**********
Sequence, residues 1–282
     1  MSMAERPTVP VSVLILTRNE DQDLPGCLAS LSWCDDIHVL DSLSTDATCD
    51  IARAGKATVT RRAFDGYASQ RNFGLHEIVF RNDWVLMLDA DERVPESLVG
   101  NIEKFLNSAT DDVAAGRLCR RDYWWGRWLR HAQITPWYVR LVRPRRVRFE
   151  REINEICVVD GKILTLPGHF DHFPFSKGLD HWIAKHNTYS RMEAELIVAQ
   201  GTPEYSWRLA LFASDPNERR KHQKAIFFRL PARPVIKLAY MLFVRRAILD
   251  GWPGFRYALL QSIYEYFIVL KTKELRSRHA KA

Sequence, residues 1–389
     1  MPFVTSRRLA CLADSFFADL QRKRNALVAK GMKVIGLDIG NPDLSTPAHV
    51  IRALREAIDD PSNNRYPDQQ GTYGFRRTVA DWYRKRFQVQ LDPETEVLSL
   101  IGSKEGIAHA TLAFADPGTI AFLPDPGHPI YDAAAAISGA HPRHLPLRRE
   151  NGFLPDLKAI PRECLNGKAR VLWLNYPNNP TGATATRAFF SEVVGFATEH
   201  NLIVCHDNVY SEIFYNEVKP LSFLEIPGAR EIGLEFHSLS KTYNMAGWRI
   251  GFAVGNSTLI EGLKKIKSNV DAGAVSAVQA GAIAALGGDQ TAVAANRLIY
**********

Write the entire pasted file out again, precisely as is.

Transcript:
Sequence, residues 1–282
     1  MSMAERPTVP VSVLILTRNE DQDLPGCLAS LSWCDDIHVL DSLSTDATCD
    51  IARAGKATVT RRAFDGYASQ RNFGLHEIVF RNDWVLMLDA DERVPESLVG
   101  NIEKFLNSAT DDVAAGRLCR RDYWWGRWLR HAQITPWYVR LVRPRRVRFE
   151  REINEICVVD GKILTLPGHF DHFPFSKGLD HWIAKHNTYS RMEAELIVAQ
   201  GTPEYSWRLA LFASDPNERR KHQKAIFFRL PARPVIKLAY MLFVRRAILD
   251  GWPGFRYALL QSIYEYFIVL KTKELRSRHA KA

Sequence, residues 1–389
     1  MPFVTSRRLA CLADSFFADL QRKRNALVAK GMKVIGLDIG NPDLSTPAHV
    51  IRALREAIDD PSNNRYPDQQ GTYGFRRTVA DWYRKRFQVQ LDPETEVLSL
   101  IGSKEGIAHA TLAFADPGTI AFLPDPGHPI YDAAAAISGA HPRHLPLRRE
   151  NGFLPDLKAI PRECLNGKAR VLWLNYPNNP TGATATRAFF SEVVGFATEH
   201  NLIVCHDNVY SEIFYNEVKP LSFLEIPGAR EIGLEFHSLS KTYNMAGWRI
   251  GFAVGNSTLI EGLKKIKSNV DAGAVSAVQA GAIAALGGDQ TAVAANRLIY